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Exercise in Early Pregnancy: Risk, Low Progesterone, and Miscarriage

Catherine McDiarmid-Watt | Monday, September 24, 2007 | 0 comments

QUESTION: I'm 7 weeks and I'm an avid runner. My doctor advised that I not run because of a low progesterone. I'm on "Prometrium." Why can't I run?

ANSWER: Strenuous exercise has long been associated with decreased amounts of progesterone. Marathon runners are famous for what is called "Exercise-related Amenorrhea" (no periods). No one quite knows why this is, but it seems related to ovarian production of progesterone.

Ovarian progesterone is made in the second half of the menstrual cycle, and it prepares the lining of the uterus for implantation. When pregnancy occurs, this "second half" of the cycle continues until term, when progesterone finally falls off. But there's a transition at the end of the first trimester, because at that point the placenta takes over the job of making the progesterone.

Progesterone will only be produced at appropriate levels after an adequate ovulation. If ovulation fails to occur, as in some cases of ovarian cysts, or if the egg ovulated is faulty, the residual ovarian tissue at the ovulation site (where the progesterone is made) will not make enough progesterone. This ovulation site, the "corpus luteum," is then labeled as inadequate. Women with an inadequate corpus luteal phase of their cycle never prime the lining of their wombs enough to have a legitimate period, and so periods are either late, scant, or unusual in color.

The faulty lining also poses risk for implantation, and miscarriage is a risk... theoretically. This is why doctors use progesterone to supplement those with "inadequate" progesterone. The level can be easily determined with a blood test. The Prometrium you have been prescribed is a natural progesterone -- identical to the very stuff your own body makes.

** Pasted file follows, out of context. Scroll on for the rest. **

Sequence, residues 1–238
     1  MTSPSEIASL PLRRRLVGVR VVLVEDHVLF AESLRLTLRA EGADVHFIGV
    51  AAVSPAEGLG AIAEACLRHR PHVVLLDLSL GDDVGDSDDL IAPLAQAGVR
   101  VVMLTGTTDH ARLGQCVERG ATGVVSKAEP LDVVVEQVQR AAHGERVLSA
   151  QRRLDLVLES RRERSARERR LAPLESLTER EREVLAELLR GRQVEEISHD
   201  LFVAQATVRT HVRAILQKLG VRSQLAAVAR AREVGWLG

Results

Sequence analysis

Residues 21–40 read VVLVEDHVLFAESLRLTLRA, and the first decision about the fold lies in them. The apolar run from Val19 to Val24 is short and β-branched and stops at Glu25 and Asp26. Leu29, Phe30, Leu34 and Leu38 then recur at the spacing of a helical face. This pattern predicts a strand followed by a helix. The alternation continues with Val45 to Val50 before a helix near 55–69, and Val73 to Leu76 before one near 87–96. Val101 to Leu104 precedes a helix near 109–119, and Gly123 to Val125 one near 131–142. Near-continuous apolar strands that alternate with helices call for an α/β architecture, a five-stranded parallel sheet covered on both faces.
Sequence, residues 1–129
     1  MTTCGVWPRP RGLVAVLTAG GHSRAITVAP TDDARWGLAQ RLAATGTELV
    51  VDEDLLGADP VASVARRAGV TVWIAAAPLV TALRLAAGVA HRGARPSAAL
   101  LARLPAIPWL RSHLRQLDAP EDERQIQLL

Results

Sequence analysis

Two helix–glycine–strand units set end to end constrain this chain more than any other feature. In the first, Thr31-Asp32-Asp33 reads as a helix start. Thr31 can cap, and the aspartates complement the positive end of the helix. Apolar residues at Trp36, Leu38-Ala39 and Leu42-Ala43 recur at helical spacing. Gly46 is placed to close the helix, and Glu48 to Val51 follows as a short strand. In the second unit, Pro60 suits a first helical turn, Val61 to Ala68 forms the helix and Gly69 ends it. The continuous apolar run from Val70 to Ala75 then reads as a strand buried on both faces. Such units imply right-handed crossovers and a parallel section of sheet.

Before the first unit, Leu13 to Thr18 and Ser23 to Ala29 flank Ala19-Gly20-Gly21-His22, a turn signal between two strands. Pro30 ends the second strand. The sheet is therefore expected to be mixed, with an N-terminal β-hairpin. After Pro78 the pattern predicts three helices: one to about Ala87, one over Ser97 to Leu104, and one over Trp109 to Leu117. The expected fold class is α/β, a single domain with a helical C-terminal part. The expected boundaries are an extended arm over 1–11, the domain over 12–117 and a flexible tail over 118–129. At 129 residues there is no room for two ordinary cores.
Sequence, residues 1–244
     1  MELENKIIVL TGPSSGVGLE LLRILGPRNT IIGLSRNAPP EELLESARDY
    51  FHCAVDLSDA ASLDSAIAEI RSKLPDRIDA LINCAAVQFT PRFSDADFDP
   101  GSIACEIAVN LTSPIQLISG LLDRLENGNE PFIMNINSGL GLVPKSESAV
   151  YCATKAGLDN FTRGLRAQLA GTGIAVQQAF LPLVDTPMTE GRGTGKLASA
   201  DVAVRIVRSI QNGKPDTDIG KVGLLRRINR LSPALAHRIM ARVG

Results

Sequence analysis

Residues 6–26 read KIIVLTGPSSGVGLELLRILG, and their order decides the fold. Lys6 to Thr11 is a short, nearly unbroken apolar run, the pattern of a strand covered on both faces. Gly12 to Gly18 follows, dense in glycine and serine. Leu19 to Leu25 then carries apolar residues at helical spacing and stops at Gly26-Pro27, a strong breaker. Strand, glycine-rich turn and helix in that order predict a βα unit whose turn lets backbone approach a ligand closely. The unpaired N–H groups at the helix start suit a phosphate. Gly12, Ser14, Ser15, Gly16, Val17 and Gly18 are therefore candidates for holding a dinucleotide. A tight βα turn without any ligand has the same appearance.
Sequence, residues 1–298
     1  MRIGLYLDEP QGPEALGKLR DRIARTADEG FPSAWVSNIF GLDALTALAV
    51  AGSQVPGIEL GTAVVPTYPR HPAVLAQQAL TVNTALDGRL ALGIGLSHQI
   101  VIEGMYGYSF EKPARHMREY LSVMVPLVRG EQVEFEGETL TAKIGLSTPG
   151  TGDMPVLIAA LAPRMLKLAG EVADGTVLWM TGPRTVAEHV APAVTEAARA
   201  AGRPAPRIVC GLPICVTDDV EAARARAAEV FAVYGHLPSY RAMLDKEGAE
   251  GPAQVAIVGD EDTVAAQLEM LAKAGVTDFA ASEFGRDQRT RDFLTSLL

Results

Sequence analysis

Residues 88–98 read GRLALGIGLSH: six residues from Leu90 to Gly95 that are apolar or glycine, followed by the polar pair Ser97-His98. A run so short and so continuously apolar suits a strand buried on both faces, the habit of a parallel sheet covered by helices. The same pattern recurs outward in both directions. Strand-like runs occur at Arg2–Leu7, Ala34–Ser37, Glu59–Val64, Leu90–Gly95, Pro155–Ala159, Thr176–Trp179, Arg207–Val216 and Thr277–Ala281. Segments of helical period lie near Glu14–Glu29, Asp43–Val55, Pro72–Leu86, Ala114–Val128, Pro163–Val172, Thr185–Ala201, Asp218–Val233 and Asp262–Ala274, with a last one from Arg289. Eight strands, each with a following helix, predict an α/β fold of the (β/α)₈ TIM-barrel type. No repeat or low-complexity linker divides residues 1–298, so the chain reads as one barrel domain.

But is the baby in danger because the progesterone is low, or is the progesterone low because the baby is in danger? This is why giving progesterone is controversial, because some feel if it's low, it's always because miscarriage is inevitable. Others feel that giving the progesterone does no harm, except to perhaps delay an inevitable miscarriage by supporting a bad pregancy beyond the time it would have miscarried.

I myself give progesterone. I'd rather take a chance on delaying a miscarriage than writing off a baby that just might make it.

Back to your question:

Does exercise actually consume the progesterone made in some strange metabolic way? Or is there low progesterone because exercise affects the ovulation that is the necessary precursor of progesterone? In your case, I would say moderate exercise wouln't be harmful, especially since you're supplementing your progesterone anyway. But I'm not your doctor. Perhaps there are other concerns about your first trimester. Or perhaps your doctor has had a tough time getting your progesterone up even with supplementation.

When posed with questions about exercise in pregnancy, obstetricians feel one can resume any exercise regimen that she's already used to. But this answer is not polluted by a progesterone problem: When the progesterone's low, we're dealing with a phenomenon that's not completely understood. Certainly NOT running will do no harm. Your doctor doesn't want to worry about possible problems while worrying about known problems.

Note: The normal level of progesterone is usually "15-20." If the progesterone level is ~13 or so, this is seen as salvageable. If the progesterone is <5, I've not really seen progesterone do any good.

©2000 GERARD M. DiLEO, M.D., F.A.C.O.G.

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About Catherine: I am mom to three grown sons, two grandchildren and two rescue dogs. After years of raising my boys as a single mom, I remarried a wonderful man who had never had a child of his own. Unexpectedly, I found myself pregnant at 49!
Sadly we lost that precious baby at 8 weeks, and decided to try again. Five more losses, turned down for donor egg, foster care and adoption due to my age and losses - we have accepted that there will be no more babies in our house.

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